If the registered address is inappropriate, Companies House can ask the company to change it. For instance, companies may no longer use PO Boxes as registered office addresses.

4. Requirement for email address

All UK companies are required to provide a registered email address to Companies House. This will be used for any Companies House communication, so they should provide an email address that can be actively monitored.

New companies must include the email address in their incorporation process, while existing ones must include it in their next confirmation statement.

5. Lawful purpose statements

Every UK company will need to confirm — as part of its annual confirmation statement process — that its intended future activities are lawful. New companies need to make a similar confirmation during the incorporation process.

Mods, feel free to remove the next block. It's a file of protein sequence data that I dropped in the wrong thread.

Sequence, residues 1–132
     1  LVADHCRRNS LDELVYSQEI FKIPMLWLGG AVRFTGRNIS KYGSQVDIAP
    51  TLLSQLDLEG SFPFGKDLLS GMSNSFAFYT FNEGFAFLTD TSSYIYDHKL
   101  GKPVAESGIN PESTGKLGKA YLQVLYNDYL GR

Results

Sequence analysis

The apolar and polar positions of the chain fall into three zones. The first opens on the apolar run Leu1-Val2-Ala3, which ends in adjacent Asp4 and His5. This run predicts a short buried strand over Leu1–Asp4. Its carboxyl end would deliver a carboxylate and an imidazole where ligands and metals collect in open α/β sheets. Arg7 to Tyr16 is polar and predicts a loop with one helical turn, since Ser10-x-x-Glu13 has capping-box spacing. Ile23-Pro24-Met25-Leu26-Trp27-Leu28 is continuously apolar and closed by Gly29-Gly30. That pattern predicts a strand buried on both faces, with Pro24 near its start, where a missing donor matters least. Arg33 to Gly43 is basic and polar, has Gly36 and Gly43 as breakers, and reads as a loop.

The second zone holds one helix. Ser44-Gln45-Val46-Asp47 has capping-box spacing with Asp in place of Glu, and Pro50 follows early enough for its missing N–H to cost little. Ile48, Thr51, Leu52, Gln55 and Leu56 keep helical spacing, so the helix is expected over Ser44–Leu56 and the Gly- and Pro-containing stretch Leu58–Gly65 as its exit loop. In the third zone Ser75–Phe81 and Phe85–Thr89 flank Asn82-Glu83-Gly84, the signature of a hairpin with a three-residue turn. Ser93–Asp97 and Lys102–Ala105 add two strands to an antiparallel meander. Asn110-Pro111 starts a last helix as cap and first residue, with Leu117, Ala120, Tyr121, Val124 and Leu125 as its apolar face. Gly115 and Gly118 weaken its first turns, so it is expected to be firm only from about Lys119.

6. Directors and disqualification

Under the new restrictions, a director disqualified under the Company Directors Disqualification Act 1986 (CDDA) will automatically cease to hold office. Any appointment of that individual as director of a UK company is now void. New rules also allow disqualification of those designated under UK sanctions legislation.

7. Limited liability partnerships

All the new requirements related to company names, office addresses, email addresses, lawful purpose statements, and disqualification will also apply (with appropriate modifications) to limited liability partnerships and their members.

8. Increased fees

From 1 May 2024, Companies House will be increasing its fees to reflect the costs of funding these new objectives and powers.

Company law changes for small businesses: Challenges to know

The new changes are either already in force or will soon come into force, so small businesses and their accountants must understand and get used to the rules quickly. This, however, comes with its own set of challenges.

  • Not all small businesses have the processes in place to meet the new administrative requirements.